Centers for International Business Education and Research (CIBERs) were created by Congress under the Omnibus Trade and Competitiveness Act of 1988 to increase and promote the nation's capacity for international understanding and competitiveness. Administered by the US Department of Education under Title VI, Part B of the Higher Education Act of 1965, the CIBER network links the manpower and technological needs of the United States business community with the international education, language training and research capacities of universities across the country. CIBERs serve as regional and national resources to business people, students and teachers at all levels.
Each CIBER organizes a variety of activities to advance the study and teaching of international business and to support applied research on United States' competitiveness in the global marketplace. Examples of such activities are:
- Internationalizing the business curriculum by dramatically increasing the number of interdisciplinary courses, infusing existing courses with international content and providing study abroad and other international exchange opportunities for students.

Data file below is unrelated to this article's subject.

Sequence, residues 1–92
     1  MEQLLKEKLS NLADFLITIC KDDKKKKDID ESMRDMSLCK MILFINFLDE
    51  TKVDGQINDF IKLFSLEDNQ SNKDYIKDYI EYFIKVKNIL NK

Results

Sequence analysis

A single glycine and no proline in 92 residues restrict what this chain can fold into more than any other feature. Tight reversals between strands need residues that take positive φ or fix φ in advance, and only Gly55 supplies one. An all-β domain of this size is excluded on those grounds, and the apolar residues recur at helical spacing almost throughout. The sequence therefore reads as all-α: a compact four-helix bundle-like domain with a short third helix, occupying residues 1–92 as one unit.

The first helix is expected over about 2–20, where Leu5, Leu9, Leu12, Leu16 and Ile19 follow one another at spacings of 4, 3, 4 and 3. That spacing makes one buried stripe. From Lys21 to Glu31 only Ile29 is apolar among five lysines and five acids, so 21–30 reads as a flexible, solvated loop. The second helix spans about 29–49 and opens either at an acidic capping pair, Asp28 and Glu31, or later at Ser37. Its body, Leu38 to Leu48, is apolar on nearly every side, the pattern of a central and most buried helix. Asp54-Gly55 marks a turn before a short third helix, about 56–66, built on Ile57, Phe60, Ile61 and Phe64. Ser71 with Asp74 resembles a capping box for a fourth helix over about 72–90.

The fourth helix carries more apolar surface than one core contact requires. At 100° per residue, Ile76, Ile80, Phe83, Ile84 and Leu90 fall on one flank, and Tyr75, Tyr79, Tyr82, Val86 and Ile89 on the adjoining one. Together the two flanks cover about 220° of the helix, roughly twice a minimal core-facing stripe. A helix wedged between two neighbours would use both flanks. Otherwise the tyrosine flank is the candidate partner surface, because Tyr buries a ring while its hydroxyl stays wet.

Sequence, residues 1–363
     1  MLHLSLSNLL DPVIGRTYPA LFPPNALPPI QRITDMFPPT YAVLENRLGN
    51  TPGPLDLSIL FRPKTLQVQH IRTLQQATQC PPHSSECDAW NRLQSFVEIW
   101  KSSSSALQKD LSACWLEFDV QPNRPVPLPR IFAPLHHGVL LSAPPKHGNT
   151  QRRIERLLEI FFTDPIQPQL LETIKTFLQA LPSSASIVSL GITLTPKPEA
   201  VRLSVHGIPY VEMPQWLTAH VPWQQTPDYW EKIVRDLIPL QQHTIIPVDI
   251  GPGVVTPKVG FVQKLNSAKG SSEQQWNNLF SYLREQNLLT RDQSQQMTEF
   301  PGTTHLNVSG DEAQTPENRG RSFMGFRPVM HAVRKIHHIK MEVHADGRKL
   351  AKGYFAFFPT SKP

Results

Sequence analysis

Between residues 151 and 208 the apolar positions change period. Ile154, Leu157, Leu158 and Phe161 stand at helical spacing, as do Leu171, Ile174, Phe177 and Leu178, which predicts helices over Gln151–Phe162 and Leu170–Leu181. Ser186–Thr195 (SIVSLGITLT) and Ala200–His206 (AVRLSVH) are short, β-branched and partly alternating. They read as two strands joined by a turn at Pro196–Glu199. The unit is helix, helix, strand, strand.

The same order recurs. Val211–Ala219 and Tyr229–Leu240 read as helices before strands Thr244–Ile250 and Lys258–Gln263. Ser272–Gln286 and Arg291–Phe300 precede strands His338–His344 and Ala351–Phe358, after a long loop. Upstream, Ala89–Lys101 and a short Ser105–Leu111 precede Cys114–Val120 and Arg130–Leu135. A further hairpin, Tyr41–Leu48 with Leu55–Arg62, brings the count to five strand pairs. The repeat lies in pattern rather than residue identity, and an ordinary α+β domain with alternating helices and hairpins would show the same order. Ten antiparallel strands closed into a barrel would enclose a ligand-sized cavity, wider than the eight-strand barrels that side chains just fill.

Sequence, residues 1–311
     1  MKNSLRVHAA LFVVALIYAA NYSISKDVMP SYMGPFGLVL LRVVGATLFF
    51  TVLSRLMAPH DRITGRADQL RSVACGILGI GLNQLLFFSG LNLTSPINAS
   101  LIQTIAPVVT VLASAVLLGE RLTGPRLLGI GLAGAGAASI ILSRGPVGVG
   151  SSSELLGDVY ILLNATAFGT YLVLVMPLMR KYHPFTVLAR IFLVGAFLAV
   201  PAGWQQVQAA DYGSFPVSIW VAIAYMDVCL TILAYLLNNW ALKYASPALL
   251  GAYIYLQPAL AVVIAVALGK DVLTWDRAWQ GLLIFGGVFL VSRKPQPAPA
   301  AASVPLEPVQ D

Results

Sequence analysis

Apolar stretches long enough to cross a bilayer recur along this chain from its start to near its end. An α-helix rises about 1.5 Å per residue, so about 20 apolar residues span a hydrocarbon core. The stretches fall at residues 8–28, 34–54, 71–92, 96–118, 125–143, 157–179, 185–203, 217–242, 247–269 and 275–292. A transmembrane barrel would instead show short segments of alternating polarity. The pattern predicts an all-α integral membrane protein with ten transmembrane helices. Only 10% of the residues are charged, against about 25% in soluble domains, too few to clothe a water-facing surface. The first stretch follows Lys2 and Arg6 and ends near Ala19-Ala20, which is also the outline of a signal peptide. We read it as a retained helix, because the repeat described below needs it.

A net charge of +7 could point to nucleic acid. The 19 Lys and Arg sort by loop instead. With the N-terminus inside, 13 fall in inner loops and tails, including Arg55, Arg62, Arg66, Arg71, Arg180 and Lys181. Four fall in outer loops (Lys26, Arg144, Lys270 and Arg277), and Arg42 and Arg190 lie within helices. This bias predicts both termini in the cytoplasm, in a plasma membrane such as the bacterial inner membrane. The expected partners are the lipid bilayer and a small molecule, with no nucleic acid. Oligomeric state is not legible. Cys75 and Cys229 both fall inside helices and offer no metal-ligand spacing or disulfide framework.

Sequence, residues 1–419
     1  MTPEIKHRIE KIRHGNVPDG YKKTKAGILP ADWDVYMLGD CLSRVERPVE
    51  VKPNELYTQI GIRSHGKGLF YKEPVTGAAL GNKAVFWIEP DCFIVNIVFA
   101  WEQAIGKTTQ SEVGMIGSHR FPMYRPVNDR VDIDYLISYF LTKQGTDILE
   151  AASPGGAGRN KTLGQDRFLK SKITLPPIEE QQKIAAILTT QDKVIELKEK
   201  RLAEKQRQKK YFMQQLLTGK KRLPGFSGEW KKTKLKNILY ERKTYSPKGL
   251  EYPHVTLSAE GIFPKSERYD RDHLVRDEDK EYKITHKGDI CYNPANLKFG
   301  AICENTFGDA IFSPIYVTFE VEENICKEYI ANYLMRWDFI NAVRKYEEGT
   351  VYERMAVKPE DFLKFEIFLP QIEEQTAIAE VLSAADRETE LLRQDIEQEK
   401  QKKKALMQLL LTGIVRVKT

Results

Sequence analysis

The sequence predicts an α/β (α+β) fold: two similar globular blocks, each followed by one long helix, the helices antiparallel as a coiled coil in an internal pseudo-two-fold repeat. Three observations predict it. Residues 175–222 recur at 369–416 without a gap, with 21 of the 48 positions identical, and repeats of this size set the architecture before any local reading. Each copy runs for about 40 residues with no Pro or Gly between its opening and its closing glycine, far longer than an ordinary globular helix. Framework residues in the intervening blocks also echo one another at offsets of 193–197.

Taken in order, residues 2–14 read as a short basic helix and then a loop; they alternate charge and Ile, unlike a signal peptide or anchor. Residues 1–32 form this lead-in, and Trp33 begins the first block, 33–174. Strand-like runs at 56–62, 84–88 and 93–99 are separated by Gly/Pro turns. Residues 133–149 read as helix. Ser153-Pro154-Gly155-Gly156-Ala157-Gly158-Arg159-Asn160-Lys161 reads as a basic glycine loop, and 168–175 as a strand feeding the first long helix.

- Creating development and enrichment programs for business faculty from colleges and universities around the nation, such as study trips to Africa, China, Vietnam, the Middle East, Western and Eastern Europe and Latin America and intensive 2-3 week workshops at host universities.
- Collaborating with modern foreign language departments to develop business language courses for students and to provide intensive language training programs for business persons.
- Providing support to small and medium-size business firms seeking to develop overseas markets.
CIBERs work collaboratively with each other, with other departments and disciplines within their universities, other colleges and universities regionally and nationally, government and trade councils, professional associations and businesses.